Number one is discipline. The discipline to sit down and write, to research, to promote, to learn more  about the craft – but above all to write.  To use the time that you have (and this varies for everyone, it can be snatched moments between work, children, daily life or it can be unfettered time) in the best way. It is a mega cliché but time passes and once it has gone it has gone – so you owe it to yourself as a writer to use it well.

Number two is to make sure that with each project you take on you extend your abilities, move yourself on – go forward. This is no different than in any type of work or occupation if you are lucky enough to be working in an area that allows for this – take yourself to the next level. Make it better. Stretch your brain. Never be satisfied. In writing we can do this as it is self directed, it is up to us as writers to manage what we do and how we do it.

Number three is cooperation – and this is different for musicians than for writers. The evolution of a song is very different to the evolution of a novel. Writing is a solitary occupation – but it does not have to be lonely. Being part of a writers group is one way of cooperating – or getting the corners rubbed off you! Sharing your writing with a partner, your children, writing friends, illustrators is another. This is not for everyone. I know of writers who work till its done and then let it out into the light. I am not like that – I like feedback, I think it improves my writing.

And Number Four is I suppose be true to yourself. To do this you have to know yourself, but when you do be true to who your are. Because it shows.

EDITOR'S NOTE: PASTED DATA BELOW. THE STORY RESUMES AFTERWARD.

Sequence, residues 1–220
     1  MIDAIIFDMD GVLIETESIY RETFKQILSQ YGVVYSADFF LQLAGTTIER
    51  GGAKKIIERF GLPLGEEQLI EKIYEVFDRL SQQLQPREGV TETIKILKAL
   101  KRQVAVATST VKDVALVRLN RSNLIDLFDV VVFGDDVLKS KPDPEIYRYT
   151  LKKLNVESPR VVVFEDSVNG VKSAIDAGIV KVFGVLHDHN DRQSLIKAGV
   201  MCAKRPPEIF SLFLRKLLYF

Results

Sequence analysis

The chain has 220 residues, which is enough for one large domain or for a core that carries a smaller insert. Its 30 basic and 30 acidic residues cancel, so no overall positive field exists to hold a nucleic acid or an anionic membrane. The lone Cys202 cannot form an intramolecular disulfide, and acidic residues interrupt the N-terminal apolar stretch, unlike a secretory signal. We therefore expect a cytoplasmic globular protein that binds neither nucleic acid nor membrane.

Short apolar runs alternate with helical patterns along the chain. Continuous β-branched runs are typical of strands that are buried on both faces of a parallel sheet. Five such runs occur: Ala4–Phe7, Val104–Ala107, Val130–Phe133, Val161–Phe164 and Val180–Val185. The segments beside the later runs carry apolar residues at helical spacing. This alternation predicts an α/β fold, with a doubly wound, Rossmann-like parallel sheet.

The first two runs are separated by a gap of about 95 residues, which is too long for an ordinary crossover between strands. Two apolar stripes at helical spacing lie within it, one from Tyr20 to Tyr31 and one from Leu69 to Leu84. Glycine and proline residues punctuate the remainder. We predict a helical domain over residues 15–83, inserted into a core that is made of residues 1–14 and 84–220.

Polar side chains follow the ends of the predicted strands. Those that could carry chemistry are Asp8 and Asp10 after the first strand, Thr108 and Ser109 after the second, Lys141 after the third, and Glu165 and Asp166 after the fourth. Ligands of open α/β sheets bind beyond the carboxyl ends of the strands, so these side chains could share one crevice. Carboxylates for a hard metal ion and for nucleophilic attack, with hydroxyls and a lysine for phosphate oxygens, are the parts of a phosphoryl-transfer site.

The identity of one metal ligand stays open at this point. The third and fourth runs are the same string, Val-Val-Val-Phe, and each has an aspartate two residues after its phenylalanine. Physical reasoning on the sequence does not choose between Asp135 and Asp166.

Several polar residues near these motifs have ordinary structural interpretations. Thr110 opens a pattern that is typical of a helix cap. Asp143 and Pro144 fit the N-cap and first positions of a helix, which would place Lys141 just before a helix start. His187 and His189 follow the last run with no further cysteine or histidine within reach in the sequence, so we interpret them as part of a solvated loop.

Now I just have to go and remind myself to listen to my own advice – far easier to give advice than to follow it.

Brain Pickings and Kurt Vonnegut

Today I was sent a link to this site Brain Pickings the brainchild of Maria Popova, who describes it in this way: ‘Brain Pickings is a human-powered discovery engine for interestingness, culling and curating cross-disciplinary curiosity-quenchers, and separating the signal from the noise to bring you things you didn’t know you were interested in until you are.’

One of the things it is focussing on this year is Reading More and Writing Better and I was browsing through the various posts on this (each one of them worth a look). Then I came across one of the pieces of writing advice offered by Kurt Vonnegut and it is so simple but so true that I thought I would reproduce it here.

I have just finished reading a book which has been written to wide acclaim and I was puzzled by my reaction to it. The writing was word perfect, unusual even, the phrasing beautiful and the storyline held my attention. But, at the end of it I felt nothing. I did not feel, as I often would, saddened on reaching the end of the book; I do not imagine I will read another by this particular author. The sole reason for this is that I did not like any of the characters. Those that I assume I was meant to feel some measure of empathy with I did not. None of them took me with them; I was not, in the words of Kurt Vonnegut, rooting for them. Quite frankly I was left feeling I did not give a damn about what happened to any of them. If the book had ended in a nuclear holocaust or with a catastrophic invasion of flesh eating zombies I would have closed it without a moment’s regret.

I can only hope that nothing I write ever leaves a reader feeling that. If it does I will feel that I have failed.

Here are the rest of his tips, courtesy Huffington Post